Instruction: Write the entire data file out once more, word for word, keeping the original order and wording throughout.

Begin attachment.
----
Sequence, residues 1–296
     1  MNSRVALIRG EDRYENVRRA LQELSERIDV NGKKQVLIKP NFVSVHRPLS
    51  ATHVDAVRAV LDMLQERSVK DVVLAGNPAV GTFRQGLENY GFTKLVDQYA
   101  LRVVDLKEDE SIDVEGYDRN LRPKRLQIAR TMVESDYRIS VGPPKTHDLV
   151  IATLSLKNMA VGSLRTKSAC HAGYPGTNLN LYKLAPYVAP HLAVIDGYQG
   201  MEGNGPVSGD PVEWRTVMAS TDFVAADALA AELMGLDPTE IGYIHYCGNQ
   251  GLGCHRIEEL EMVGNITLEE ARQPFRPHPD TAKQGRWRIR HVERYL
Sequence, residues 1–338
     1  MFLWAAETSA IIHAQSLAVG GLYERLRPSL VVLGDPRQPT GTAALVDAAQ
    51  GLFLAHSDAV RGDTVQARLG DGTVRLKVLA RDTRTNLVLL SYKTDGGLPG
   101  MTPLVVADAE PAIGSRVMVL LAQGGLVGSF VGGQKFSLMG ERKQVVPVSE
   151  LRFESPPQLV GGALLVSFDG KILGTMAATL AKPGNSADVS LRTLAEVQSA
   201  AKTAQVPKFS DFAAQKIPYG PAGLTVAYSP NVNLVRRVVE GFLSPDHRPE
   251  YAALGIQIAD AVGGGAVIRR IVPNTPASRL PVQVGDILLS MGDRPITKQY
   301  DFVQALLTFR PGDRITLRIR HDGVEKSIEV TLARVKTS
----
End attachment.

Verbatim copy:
Sequence, residues 1–296
     1  MNSRVALIRG EDRYENVRRA LQELSERIDV NGKKQVLIKP NFVSVHRPLS
    51  ATHVDAVRAV LDMLQERSVK DVVLAGNPAV GTFRQGLENY GFTKLVDQYA
   101  LRVVDLKEDE SIDVEGYDRN LRPKRLQIAR TMVESDYRIS VGPPKTHDLV
   151  IATLSLKNMA VGSLRTKSAC HAGYPGTNLN LYKLAPYVAP HLAVIDGYQG
   201  MEGNGPVSGD PVEWRTVMAS TDFVAADALA AELMGLDPTE IGYIHYCGNQ
   251  GLGCHRIEEL EMVGNITLEE ARQPFRPHPD TAKQGRWRIR HVERYL
Sequence, residues 1–338
     1  MFLWAAETSA IIHAQSLAVG GLYERLRPSL VVLGDPRQPT GTAALVDAAQ
    51  GLFLAHSDAV RGDTVQARLG DGTVRLKVLA RDTRTNLVLL SYKTDGGLPG
   101  MTPLVVADAE PAIGSRVMVL LAQGGLVGSF VGGQKFSLMG ERKQVVPVSE
   151  LRFESPPQLV GGALLVSFDG KILGTMAATL AKPGNSADVS LRTLAEVQSA
   201  AKTAQVPKFS DFAAQKIPYG PAGLTVAYSP NVNLVRRVVE GFLSPDHRPE
   251  YAALGIQIAD AVGGGAVIRR IVPNTPASRL PVQVGDILLS MGDRPITKQY
   301  DFVQALLTFR PGDRITLRIR HDGVEKSIEV TLARVKTS